Thursday, March 4, 2010

Kudlit or Kulitan?

AD 900: the Kavi script is alive and well on Manila.

AD 1300: Someone etches a Philippine script on a pot. I've got an image of it here, characters handily numbered.

It's similar to Baybayin, kudlits and all. Could easily be a parent script.

AD 1500: Baybayin was in use by the general population.

By the end of the 1600s Baybayin is moribund.

A few small and remote populations continue to write, including Tagbanwa, Buhid, Hanunóo, and Kapampangan: more or less versions of Baybayin. Tagbanwa, Hanunóo and Buhid appear to have evolved along similar lines, while Kapampangan uses fewer characters, but retains Kawi word construction rules. In many respects, Kapampangan seems to be midway between Kavi and Baybayin.

And some Filipino native writing has survived to the present day.

But between Tagalog and Ilocano speakers there are 65+ million people, versus perhaps 3 million using Kapampangan, and a few tens of thousands of people using the other surviving abugidas.

And so we come to the modernization problem: how best the Baybayin can speak in modern Tagalog and Ilocano.

I begin to understand. It's not a matter of stamping out the surviving scripts; it's a matter of re-establishing a script for Tagalog and Ilocano. And the place to start is with "classical" Baybayin.

Fortunately, the Filipino script was a continuum of writing styles and methods using similar characters. Different areas, and even perhaps different individuals, approached the problem in different ways, but fundamentally with the same character set.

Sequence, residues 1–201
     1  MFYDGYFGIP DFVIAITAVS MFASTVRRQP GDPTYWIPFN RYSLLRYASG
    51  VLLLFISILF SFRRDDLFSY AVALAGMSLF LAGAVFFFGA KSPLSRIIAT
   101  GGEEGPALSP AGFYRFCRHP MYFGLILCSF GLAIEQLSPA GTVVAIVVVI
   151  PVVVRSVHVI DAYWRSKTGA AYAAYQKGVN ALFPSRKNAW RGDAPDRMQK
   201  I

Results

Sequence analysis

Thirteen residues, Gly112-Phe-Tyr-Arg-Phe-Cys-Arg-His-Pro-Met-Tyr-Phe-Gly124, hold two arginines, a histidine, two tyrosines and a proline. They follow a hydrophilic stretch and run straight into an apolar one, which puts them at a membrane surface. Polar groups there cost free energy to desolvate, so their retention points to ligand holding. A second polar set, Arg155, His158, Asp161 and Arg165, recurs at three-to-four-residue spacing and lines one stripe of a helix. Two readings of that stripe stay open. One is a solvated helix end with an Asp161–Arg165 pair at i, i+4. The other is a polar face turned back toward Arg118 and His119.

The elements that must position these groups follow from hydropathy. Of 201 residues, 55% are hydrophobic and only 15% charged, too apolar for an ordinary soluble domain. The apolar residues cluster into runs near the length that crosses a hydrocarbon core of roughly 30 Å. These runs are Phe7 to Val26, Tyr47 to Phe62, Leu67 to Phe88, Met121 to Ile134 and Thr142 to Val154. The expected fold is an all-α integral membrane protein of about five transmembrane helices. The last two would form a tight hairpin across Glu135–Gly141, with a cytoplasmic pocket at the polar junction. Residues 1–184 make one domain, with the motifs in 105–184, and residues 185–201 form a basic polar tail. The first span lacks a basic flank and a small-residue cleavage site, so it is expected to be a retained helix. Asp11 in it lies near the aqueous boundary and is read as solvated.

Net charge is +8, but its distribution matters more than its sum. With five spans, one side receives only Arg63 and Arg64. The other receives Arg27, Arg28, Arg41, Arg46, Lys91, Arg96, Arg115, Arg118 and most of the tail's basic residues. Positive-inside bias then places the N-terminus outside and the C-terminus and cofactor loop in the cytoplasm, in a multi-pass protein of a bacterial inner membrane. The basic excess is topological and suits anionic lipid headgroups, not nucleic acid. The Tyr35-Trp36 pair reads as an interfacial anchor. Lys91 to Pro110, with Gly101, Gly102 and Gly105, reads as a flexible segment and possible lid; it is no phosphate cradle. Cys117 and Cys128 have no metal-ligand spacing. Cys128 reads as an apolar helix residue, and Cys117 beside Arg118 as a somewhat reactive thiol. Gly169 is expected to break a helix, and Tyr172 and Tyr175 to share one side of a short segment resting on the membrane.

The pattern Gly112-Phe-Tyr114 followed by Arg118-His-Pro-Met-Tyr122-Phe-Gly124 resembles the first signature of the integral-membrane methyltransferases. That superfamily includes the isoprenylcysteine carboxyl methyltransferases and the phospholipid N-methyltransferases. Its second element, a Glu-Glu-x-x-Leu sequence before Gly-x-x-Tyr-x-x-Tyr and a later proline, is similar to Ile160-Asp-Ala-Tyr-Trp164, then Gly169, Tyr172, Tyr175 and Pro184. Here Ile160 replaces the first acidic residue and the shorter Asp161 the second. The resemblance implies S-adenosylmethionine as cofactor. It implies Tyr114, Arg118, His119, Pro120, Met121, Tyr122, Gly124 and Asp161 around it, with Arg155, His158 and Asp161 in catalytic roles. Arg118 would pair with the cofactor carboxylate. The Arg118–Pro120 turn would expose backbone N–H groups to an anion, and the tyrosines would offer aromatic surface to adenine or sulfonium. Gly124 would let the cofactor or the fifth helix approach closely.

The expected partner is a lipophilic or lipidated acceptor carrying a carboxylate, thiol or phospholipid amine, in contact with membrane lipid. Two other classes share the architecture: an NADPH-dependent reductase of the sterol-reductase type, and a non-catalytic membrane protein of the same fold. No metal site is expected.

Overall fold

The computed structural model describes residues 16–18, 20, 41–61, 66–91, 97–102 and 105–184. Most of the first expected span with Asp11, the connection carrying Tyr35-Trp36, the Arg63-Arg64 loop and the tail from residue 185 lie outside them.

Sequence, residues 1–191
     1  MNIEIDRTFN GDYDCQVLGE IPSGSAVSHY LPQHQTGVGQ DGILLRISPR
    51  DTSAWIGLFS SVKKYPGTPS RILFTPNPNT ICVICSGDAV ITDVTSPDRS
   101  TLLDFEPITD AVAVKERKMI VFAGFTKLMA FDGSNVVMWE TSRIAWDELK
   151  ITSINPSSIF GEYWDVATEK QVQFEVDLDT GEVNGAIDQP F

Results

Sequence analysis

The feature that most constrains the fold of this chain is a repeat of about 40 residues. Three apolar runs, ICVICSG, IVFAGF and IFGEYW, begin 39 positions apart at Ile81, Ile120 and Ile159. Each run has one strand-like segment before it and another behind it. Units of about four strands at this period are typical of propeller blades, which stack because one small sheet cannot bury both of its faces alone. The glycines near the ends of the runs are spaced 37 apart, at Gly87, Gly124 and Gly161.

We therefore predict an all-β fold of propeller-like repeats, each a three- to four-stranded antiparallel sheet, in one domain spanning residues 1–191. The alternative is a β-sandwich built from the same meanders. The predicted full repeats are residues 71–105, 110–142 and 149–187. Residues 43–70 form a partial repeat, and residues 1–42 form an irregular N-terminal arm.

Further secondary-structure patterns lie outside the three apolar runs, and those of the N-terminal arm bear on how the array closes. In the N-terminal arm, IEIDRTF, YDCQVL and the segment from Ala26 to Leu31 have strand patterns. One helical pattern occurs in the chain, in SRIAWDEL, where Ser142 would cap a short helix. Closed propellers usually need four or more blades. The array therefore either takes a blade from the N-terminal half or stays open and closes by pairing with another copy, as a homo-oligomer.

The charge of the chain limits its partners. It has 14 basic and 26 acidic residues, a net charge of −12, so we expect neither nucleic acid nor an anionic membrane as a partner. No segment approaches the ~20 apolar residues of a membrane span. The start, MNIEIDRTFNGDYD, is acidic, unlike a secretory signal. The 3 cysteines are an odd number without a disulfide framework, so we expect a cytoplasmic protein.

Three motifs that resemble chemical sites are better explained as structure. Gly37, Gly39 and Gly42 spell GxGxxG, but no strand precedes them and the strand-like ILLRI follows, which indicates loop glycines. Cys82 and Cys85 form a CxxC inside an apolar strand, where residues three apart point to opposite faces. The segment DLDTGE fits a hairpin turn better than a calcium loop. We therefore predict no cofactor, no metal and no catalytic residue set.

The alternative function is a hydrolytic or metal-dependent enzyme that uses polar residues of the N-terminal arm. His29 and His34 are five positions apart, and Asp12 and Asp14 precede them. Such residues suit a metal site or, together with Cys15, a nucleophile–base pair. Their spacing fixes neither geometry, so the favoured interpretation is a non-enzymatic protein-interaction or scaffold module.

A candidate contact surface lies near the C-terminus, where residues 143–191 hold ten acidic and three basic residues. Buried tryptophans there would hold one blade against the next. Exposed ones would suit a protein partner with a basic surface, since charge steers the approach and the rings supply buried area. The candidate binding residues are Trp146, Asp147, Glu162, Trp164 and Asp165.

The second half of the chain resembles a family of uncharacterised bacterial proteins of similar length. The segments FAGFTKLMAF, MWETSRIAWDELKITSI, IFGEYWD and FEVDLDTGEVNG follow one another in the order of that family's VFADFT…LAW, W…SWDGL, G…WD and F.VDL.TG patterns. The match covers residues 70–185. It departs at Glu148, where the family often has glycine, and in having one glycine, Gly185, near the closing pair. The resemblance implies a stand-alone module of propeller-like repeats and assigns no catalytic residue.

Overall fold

This is not a place for invention, but rather, accommodation and patience, perhaps.

1 comment:

  1. I don't think it's so much that Kapampangan "retains" Kawi word construction rules as that sometime between the 1960s and now, a modern Kapampangan script was developed by fusing a calligraphic version of the letters attested in historical documents with elements of Kawi structure. But there is no evidence in the historical record for this Kawi-type structure in the early colonial period.

    Observers were always careful to describe everything they saw about the way Baybayin was written, including the characters (even if some made rather clumsy reproductions influenced by their European writing habits), the direction of writing, the way vowels were marked, and remarks about the absence of a way to write vowelless consonants. You can guarantee that for the Pampangos just north of Manila, if they had been using a way of marking vowelless consonants, especially with subordinate consonants Kawi-style, the Spanish evangelists would definitely have noticed that and written about it. But they didn't, and nothing has ever been published or shown up anywhere that gives even the remotest hint that this was ever done.

    Many people assume there is a direct (as opposed to coincidental) relationship with Kawi letters, but the differences are to great and the similarities too unsystematic, which is why people working on Indonesian and Philippine scripts who are familiar with Kawi and with the non-Javanese scripts conclude there is simply not enough evidence for a Kawi origin as opposed to any of the alternatives. Still, since Kawi is the closest ancient script, that's where people look for a relationship... and that's probably why the Kawi use of stacked letters was borrowed sometime in the last couple of decades to construct a hybrid modern Kapampangan script.